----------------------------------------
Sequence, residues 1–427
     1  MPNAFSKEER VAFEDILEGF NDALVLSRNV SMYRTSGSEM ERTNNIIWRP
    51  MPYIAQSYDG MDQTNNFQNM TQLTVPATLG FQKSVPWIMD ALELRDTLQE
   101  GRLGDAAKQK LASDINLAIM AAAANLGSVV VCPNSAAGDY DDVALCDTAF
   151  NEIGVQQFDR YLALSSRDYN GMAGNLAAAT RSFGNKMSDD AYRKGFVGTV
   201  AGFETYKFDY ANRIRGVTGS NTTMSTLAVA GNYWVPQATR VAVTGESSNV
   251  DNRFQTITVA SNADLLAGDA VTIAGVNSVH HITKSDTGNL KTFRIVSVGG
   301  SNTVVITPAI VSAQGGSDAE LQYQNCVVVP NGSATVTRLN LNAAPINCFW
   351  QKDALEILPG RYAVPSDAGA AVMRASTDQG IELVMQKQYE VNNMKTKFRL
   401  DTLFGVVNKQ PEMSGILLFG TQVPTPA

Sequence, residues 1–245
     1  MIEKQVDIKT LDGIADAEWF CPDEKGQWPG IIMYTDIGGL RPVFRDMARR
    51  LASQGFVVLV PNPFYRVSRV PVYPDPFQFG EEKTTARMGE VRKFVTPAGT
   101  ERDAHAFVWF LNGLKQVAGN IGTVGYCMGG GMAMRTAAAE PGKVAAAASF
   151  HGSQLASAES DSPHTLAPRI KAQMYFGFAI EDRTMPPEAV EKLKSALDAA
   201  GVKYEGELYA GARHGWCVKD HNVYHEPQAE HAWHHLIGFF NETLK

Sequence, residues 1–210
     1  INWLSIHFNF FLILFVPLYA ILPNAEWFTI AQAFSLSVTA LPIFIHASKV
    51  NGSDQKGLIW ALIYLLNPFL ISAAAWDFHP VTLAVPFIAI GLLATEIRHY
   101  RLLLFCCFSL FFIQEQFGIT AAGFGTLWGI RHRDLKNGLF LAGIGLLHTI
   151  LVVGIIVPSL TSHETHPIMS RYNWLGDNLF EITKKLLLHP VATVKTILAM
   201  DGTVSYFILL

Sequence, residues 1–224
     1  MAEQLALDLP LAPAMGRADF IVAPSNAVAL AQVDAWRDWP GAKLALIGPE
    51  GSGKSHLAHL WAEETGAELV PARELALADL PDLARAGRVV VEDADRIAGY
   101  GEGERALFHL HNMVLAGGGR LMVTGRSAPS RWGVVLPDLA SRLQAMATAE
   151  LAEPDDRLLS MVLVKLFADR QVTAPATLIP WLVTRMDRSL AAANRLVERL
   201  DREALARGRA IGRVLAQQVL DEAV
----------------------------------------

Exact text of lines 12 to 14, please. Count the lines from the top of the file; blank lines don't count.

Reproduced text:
     1  MIEKQVDIKT LDGIADAEWF CPDEKGQWPG IIMYTDIGGL RPVFRDMARR
    51  LASQGFVVLV PNPFYRVSRV PVYPDPFQFG EEKTTARMGE VRKFVTPAGT
   101  ERDAHAFVWF LNGLKQVAGN IGTVGYCMGG GMAMRTAAAE PGKVAAAASF